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Most beautiful fjords in southern Norway, best way to see them

Characterized by very steepy rock walls, the fjords are sea stretches that penetrate the coast even for hundreds of km. Those of Norway are among the most beautiful and longest in the world.

During my recent self-drive trip through Norway (July 2019) I was lucky enough to see some of the most spectacular Norwegian fjords: the Nærøyfjord and the Aurlandsfjord – which are two arms of the Sognefjord – and the Hardangerfjord. All three are located in south-western Norway.

The Naerøfjord is the narrowest fjord in the world and is the most impressive arm of the Sognefjord.

Norwegian fjords: where they are.

But where are the most beautiful Norwegian fjords and how to visit them? The Norwegian fjords are essentially divided into two areas:

  • fjords of the South of the country, North of Bergen: Sognefjord and Geirangerfjord;
  • fjords of the South of the country, South of Bergen: Lysefiord ed Hardangerfjord;
  • Arctic fjords, located in the far north of the country, among which the most famous is the Trollfjord, in the Trømso and the Lofoten islands region.

Which fjords to visit during a trip to Norway?

Due to the large size of the country, it is impossbile to see all most beautiful fjords from north to south staying only 1 or 2 weeks, given that you probably will visit the most interesting norwegian towns too (Oslo, Bergen). Therefore, the main decision if you have only a little time to visit, is whether to head north OR south, towards the Arctic fjords or those of the south-western region of Norway.

1 week or 10 days: If you opt for southern Norway, on a one-week trip (as we did) or ten-day trip -and considering that you might want to see Oslo and Bergen too – you can see 2 fjords very well.

2 weeks+: If you have more time, two weeks or more, all 4 of the most important fjords of the South are on the itinerary, as well as several towns further north of the country (Trondheim, Alesund).

Nærøyfjord fjiord norway
The Nærøyfjord in Gudvangen

How to see the Norwegian fjords?

There are many ways to visit Norway and its fjords: by car, by ship, by boat or by train. Some of the most suggestive itineraries are made by different means, for example: train + boat, or car+boat.

Some fjords, even in the farthest points from the coast, are very deep and it is for this reason that it is possible to navigate them even with big ships, which allow you to observe them from close.

The fjords can therefore be seen in these ways:

  • driving independently along the beautiful scenic roads, also reported on this Norwegian site;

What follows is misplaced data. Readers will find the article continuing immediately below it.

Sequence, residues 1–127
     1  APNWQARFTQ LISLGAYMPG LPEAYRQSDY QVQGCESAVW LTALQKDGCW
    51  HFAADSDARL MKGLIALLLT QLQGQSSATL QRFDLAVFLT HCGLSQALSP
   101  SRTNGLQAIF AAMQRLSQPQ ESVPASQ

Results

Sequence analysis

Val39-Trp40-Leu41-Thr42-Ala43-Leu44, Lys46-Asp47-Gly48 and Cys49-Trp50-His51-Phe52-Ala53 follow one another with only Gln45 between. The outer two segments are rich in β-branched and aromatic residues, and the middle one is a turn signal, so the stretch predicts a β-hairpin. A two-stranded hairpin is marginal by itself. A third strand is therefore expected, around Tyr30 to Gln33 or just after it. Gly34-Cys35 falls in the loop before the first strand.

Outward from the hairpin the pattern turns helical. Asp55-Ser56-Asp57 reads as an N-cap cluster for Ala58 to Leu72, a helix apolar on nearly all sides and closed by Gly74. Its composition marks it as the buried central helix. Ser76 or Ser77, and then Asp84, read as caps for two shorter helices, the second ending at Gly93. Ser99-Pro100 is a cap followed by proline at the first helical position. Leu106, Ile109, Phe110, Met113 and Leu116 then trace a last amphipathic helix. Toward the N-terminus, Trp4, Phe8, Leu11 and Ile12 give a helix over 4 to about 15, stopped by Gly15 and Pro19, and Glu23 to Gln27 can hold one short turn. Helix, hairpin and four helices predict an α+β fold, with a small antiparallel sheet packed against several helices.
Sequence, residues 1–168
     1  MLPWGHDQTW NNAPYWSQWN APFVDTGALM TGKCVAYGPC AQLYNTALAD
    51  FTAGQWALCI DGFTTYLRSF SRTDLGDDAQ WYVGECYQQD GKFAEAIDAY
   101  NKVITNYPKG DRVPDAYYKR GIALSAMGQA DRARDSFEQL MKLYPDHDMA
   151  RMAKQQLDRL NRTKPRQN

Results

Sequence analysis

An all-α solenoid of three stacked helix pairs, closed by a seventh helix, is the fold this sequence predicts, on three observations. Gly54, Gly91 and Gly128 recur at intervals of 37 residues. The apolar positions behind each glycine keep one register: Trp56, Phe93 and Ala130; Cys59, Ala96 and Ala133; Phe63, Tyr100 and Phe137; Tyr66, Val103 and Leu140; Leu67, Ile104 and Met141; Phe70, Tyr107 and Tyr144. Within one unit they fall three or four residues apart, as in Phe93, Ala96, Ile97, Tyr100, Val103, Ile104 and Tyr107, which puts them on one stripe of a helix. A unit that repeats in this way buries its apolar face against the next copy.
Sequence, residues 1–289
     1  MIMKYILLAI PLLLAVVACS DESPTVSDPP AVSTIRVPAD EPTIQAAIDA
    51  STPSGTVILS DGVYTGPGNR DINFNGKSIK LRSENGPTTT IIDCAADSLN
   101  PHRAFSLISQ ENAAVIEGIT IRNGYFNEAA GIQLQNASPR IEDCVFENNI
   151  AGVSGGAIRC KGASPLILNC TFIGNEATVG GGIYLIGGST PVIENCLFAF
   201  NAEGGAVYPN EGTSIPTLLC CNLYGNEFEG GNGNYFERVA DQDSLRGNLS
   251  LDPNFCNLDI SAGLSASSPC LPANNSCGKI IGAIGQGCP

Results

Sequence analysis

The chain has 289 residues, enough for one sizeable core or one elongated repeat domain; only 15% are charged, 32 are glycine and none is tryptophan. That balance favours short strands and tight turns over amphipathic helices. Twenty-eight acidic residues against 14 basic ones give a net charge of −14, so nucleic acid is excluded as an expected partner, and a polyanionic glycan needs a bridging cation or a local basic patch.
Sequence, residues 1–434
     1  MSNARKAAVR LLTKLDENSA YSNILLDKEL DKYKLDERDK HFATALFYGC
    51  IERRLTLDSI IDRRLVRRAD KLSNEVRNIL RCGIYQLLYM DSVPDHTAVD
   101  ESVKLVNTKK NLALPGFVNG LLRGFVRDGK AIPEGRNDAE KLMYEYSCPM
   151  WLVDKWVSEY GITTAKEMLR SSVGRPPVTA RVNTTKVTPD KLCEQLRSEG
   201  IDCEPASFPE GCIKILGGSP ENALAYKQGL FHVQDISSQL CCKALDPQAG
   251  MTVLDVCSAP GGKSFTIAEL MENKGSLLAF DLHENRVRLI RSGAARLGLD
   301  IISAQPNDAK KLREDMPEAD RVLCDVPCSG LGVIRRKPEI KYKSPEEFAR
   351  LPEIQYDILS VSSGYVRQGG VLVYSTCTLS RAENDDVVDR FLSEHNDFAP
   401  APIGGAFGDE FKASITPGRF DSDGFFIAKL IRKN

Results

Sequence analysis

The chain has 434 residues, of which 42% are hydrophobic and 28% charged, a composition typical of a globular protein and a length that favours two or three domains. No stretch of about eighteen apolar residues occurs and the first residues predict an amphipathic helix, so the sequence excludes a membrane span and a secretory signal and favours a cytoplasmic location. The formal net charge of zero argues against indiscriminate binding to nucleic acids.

• participating in a one-day cruise, for example starting from Bergen;
  • participating in a one-day tour from Oslo or Bergen, like “Norway in a Nutshell”;
  • taking part in a multi-day cruise on board the Hurtigruten ship, the former fjord postal ship that sails along the entire Norwegian coast from Bergen to Trømso;
  • using a ferry line on which to embark your car, in order to continue with your self-drive itinerary once disembarked;
  • in many locations you can rent kayaks or small motor boats to observe the fjords as closely as possible

I suggest you to rent a car and drive indipendently, and take some short cruises along the fjords.


Norwegian southwestern fjords by car: the Hardangerfjord.

This was the first of the two fjords that we visited during our Norway trip, It stretches right along the scenic route that we followed by car, moving from Oslo (where we landed) to Bergen (where we stayed for two days).

The beauty of the Hardangerfjord lies in the fact that having a rather mild microclimate it is a very green fjord, with many fruit trees cultivations and spectacular waterfalls. The best time to see this scenery is obviously in summer (June-July), when the snow melts!

The scenic fjord road – divided into three stages – goes from Granvin to Låtefoss. We only took the first stage (from Granvin to Steindalsfossen), admiring two beautiful waterfalls near which you can stop comfortably by car. The first was Skjervsfossen and the second Steindalsfossen, which has the peculiarity of having a walkway on the rear of the stream of the waterfall.

Some of the most beautiful stretches of the Hardangerfjord can be also found on the smaller arms branches: first the Eidfjord one, with its village that bears the same name. From here you can rent kayaks or board small motor boats to discover the fjord from very close. Do not miss to climb up to the spectacular Vøringsfossen waterfall, on the Hardangervidda plateau, this is the most beautiful waterfall among those we saw, with its double jump of 182 meters.

mabodalen plateau south norway
Hardangervidda plateau in south Norway: here you can find snow even in July at 20 degrees!